Needs Analysis: Keeping
To improve performance and reduce your risk of injury, it is vital to understand the demands of your role. Position-specific programmes allow us to tailor cricket fitness programmes to the demands of each role. We create all of our position specific programmes based on a needs analysis of the role.
Physical qualities required for keepers
Lateral movement efficiency
The ability to rapidly move sideways. Often in the gym, the majority of movements will be in what is known as the sagittal plane. These are movements that simply put, go forward, back, up and down. However, keeping happens mostly in the frontal plane which means from side to side or "laterally". Therefore, we need to train in it and get comfortable moving laterally. Being able to move smoothly and sharply to the side is what we mean by efficiency.
Lower body strength
Increases capacity to hold the squat stance position for long durations and explode out of it. Keepers spend literally hours in a squat position so the capacity to cope with that is increased through lower body strength. Not only is this important for capacity, but lower body strength gives more available force so you can produce a lot of power when going for those big catches!
Allows good posture and being able to access awkward catching positions. Spending a lot of time wicketkeeping can lead to a rounded upper body posture. Good thoracic mobility assists in this by allowing the posture in the stance to be better. Rotational thoracic mobility also allows you to rotate and take those awkward turning & bouncing deliveries when standing up to the stumps.
Power and reactive strength
Allows keepers to explode out of their stance to take those "Worldie" catches. Keepers have a very short period of time to react and take catches. Therefore, a high rate of force development is crucially in order to cover ground rapidly.
Fitness Testing for Keepers
Lateral Movement Efficiency
Covering ground quickly is an important quality for any keeper. We can test your lateral movement efficiency by performing a 5-10-5 Lateral Shuffle. All you need is 3 cones and a partner with a stopwatch!
The 5-10-5 is where 3 cones are placed in a straight line all 5 metres apart. The athlete starts on the middle cone and shuffles either right or left to begin (5m). They then laterally shuffle to the furthest cone (10m) and then back to the middle cone (5m).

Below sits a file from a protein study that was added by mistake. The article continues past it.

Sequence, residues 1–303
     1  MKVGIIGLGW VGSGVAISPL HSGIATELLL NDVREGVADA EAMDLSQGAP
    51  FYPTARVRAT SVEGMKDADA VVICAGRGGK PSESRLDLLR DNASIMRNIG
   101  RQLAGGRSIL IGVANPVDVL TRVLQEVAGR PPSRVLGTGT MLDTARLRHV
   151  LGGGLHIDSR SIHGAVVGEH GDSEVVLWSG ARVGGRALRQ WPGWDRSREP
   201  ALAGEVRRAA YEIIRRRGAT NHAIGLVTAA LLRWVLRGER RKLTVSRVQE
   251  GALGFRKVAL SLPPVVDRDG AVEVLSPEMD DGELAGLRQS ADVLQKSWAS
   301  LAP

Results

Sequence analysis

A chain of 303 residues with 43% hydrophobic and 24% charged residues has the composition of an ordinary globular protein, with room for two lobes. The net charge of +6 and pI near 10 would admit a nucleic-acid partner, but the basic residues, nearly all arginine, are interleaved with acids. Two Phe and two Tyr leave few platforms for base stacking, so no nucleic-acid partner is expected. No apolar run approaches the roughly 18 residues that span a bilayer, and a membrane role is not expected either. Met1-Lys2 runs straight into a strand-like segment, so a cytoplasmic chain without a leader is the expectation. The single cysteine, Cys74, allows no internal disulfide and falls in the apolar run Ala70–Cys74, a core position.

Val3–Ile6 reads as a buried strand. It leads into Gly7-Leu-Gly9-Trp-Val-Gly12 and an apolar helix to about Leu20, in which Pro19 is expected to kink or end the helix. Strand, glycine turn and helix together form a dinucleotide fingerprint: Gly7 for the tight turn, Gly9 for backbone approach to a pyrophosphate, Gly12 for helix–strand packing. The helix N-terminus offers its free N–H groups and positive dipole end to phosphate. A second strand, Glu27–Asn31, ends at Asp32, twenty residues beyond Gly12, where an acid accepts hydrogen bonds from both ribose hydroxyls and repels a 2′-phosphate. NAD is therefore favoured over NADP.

Lower Body Strength
Using the barbell back squat or barbell deadlift by testing your 3-repetition max (3RM) will give you an understanding of how strong your lower body is. Our aim would be to increase the lower body strength so we can generate greater power when jumping for catches or sprinting to chase a ball.
At Home Version: Wall sit
Mobility is something that can be constantly improved throughout the off and pre-season as well as during the season! Having exceptional thoracic mobility can contribute to improvements in throwing power and a greater overhead reach (amazing for some of those “worldie” catches). Some key tests you can use to assess and improve your mobility are side-lying windmill rotations, cat-camel, downward dog holds and lying overhead extension on a foam roller.
Go through these stretches slowly, taking your body through a full range of motion on each repetition. If you cannot achieve a full range of motion, pause in the part of the stretch in find most difficult and hold it for 10-15s then repeat.
Power And Reactive Strength
Having a solid base of strength is the building block for a powerful and explosive keeper! We can test your power by using a countermovement jump (CMJ). This will give you an understanding of your lower body rate of force production capabilities. This can be performed on a jump mat or an app on your phone.
Your reactive strength can be tested by performing a drop jump (DJ), whereby you step off a small box and upon landing immediately jump as high as you can in the air. The less time you spend on the floor (ground contact time) coupled with the immediate maximal vertical jump height implies you’re able to produce high levels of force in minimal time.
At Home Version: Perform a double leg broad jump. Use a tape measure and broom stick to record your jump distance.